Evolved from the older G11 and G15 keyboards – this is the equivalent of the G11 as it doesn’t have the LCD screen but it does have a smaller footprint than its ancestors which is a nice change. The G15v1 had what felt like a massive footprint. Although the G110 has 6 less macro ‘G’ keys, I’ve never known anyone to need more than 12 (or at least admit to it.)
For the LAN gamer, this backlit beauty of smaller proportion is worth considering as it isn’t expensive, can take it’s fair share of punishment, and is more likely to fit in a LAN bag and on a shared LAN desk space
- USB 2.0 port – improvement from the older USB 1.0 port on the original blue backlit G15
- USB sound device with mute buttons for headphone and mic ports
- Media buttons and volume barrel – becoming standard on a lot of keyboards now but welcome just the same
- 12 programmable macro buttons with 3 modes available making it 36 programmable options.
- Window key disabling switch can disable the ‘widows’ buttons along the bottom of the keyboard because seriously, who needs them when you’re gaming?
- Blue red and anything in between backlight. Red seems easier to see but they both look good, the purple/in between colour isn’t so awesome though
- Macro software for profiles
- Palm rest – tried it with and without, found the keyboard much more comfortable with the palm rest so it stayed.
- USB cable to the PC is not braided
Gaming/Desktop Mode Switch
This switch disables the windows keys. We found this to be extremely handy when playing The Elder Scrolls IV ; Oblivion as this particular title doesn’t like it when you switch out of the game to the desktop. This feature isn’t unique to the G110 or G510 but it has been around since the older G11 and G15 boards and certainly a great feature to be retained.
The USB port was sufficient to:
- Read USB keys
- Charge a mobile phone
- Plug a G5 mouse into and have no noticeable difference to a back panel port
The USB port would not drive a portable hard drive like the WD passport drive which leads us to suspect that other devices needing more than basic amperage will find this port wanting. That said, front panel USB ports are basically standard now on almost all cases so it’s not a big deal. It was nice to have the G5 mouse piggy backing off the keyboard and this could be handy at a LAN event.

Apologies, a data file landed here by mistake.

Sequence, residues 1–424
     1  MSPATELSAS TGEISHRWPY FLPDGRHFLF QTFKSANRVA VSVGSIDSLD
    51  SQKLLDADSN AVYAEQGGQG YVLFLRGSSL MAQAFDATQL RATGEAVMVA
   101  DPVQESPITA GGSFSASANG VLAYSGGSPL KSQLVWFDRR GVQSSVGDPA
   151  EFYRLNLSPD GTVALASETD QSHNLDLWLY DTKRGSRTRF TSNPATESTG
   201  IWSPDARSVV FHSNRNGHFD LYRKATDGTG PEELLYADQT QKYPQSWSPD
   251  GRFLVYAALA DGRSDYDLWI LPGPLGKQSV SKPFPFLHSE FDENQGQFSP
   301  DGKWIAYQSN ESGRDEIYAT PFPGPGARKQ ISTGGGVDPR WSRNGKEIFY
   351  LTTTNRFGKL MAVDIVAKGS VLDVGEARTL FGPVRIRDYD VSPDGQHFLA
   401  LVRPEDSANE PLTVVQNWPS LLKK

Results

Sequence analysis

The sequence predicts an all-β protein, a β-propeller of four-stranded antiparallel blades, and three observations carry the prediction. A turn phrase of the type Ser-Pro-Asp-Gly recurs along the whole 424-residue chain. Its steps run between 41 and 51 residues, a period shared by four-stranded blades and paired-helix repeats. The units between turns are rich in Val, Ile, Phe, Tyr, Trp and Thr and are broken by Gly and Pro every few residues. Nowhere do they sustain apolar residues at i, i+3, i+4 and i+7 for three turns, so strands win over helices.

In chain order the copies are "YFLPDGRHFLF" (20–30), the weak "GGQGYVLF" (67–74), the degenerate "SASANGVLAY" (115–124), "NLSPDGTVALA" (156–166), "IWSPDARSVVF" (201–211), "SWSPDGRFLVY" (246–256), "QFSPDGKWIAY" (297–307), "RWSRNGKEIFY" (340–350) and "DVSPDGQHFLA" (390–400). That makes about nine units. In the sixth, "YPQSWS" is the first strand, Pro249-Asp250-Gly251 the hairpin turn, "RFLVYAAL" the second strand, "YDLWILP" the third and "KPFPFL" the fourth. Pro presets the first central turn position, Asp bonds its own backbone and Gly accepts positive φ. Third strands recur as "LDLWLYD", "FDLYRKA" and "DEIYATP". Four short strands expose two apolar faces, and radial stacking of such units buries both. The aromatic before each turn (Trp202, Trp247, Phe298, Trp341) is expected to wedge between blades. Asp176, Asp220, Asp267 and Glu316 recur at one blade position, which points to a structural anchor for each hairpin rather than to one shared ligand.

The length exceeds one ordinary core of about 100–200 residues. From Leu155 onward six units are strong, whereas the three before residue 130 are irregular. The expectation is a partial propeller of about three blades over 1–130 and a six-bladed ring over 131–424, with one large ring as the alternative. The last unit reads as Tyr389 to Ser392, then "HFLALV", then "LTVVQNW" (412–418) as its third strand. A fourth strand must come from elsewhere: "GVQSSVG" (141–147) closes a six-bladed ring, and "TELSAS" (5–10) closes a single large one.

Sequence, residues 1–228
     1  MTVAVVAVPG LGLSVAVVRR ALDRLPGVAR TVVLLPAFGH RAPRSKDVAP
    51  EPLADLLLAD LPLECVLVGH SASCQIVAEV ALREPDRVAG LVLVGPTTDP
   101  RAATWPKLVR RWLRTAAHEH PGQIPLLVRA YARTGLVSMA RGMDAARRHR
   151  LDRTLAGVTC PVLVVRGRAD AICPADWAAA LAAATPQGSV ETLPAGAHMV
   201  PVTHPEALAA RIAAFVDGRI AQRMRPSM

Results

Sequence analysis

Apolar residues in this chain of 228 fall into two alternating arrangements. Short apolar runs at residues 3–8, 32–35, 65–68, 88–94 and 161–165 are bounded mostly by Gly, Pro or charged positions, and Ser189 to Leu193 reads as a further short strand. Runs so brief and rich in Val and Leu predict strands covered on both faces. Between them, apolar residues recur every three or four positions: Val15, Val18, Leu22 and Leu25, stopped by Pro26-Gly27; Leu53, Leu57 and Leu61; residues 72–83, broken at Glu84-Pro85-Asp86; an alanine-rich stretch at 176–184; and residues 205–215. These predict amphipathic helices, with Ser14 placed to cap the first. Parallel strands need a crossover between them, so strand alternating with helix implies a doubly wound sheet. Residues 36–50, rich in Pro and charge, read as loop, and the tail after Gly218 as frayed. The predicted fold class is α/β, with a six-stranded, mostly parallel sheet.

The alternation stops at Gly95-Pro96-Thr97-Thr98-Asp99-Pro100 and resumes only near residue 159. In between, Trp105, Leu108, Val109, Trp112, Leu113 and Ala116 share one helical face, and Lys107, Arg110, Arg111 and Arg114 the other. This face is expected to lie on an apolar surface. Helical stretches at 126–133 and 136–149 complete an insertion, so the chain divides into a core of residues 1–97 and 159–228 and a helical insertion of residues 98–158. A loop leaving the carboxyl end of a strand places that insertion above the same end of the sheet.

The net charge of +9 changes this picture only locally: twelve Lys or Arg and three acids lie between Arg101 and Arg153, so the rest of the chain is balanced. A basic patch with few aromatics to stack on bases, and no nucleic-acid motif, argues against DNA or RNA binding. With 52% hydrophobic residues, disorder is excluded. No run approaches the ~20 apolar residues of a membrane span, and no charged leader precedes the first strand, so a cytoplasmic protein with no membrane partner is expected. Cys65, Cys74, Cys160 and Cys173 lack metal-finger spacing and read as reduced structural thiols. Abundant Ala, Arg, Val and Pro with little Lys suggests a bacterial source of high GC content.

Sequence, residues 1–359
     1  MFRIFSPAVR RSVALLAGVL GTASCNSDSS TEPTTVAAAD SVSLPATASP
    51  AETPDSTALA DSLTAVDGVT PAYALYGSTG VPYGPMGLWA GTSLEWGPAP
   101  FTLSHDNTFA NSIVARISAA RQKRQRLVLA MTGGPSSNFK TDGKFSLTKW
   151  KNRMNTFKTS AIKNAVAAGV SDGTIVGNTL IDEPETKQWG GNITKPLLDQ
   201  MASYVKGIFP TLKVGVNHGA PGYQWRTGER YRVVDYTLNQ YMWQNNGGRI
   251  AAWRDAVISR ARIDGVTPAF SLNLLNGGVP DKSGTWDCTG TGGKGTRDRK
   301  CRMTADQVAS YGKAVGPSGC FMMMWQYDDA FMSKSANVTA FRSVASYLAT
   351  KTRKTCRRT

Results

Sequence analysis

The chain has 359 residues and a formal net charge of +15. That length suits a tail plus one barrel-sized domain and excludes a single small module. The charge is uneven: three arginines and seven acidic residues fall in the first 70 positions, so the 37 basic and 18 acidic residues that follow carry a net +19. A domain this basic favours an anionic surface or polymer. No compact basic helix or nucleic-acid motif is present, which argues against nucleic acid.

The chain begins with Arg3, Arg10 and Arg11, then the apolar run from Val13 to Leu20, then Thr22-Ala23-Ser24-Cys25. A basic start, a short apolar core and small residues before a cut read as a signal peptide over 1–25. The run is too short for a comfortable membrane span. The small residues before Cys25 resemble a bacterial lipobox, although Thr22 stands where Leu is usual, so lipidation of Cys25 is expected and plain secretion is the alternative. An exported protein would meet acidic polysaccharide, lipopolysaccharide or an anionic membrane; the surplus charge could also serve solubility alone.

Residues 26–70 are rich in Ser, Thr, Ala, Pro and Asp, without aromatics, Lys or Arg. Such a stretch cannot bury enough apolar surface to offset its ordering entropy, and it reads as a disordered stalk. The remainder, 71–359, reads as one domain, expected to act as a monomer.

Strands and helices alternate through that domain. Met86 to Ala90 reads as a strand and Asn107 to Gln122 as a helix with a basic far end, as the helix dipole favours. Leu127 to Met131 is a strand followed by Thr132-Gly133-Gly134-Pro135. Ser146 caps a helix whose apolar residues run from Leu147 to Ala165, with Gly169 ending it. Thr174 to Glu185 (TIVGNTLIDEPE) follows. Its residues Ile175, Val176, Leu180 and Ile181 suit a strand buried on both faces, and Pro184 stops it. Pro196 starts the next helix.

Skype chat through the USB audio was clear and we couldn’t fault it. The in game audio of titles like BF BC2, Oblivion, Skyrim and BF3 were also on par with onboard sound in our opinion. The implementation of jack sensing technology here means that if you don’t have anything plugged in to these ports, then Windows will use the default sound devices so you won’t be diving in and out of your windows volume mixer every time you want to use the ports on the keyboard.
General typing is very comfortable and we find it more comfortable than the average keyboard for long term use in a non gaming environment – like study, office work and writing reviews 😉
To date, we haven’t noticed any limitations in gaming relating to ghosting or pressing multiple keys.
I’ve pounded on this thing for over a year, almost daily usage including:
- Office level typing
- FPS shooters (using the WASD, L SHIFT, Spacebar)
- Other games like RTS where the keyboard shortcuts are handy
- Basically no signs of wear beyond the typical smudges of fingerprints on the plastic housing
- The letters are all still as visible as the day it came out of the box, no chipping of the finish
- No squeaky keys
- All keys work like new, so sticky or ultra sensitive keys
- Lighting is still fine
I’d hoped that this would wear out so that I could justify buying the G510 but alas the trusty G110 has proven itself to be a very durable piece of kit.
- Price – it’s great for $75
- Durable and reliable
- Comfortable to type on
- Macro keys are easy to use and the macro record button means that you can record macros without using the software
- USB Audio is convenient and capable
- SB 2.0 device isn’t great for powered devices like passport drives or other USB devices that draw power.
- The backlight colours being red or blue and by combining them, various shades of purple. It would have been nice to see more options here (like green or white) but that would have added to the price.
- The cable management channels on the base of the keyboard may as well not be there.
- If you don’t want/need a keyboard with an LCD and like either red or blue backlight, then it should be on your short list. There is always a “but” and here it is… for an extra $10, the G510 has the same features with the exception of the USB 2.0 port (We do wonder why this was excluded from the next model up)
- 6 additional ‘G’ keys
- more backlight colours.
Your chance of buyers remorse are ‘low’ with this so we give it a Gold award for reliability, honesty and value.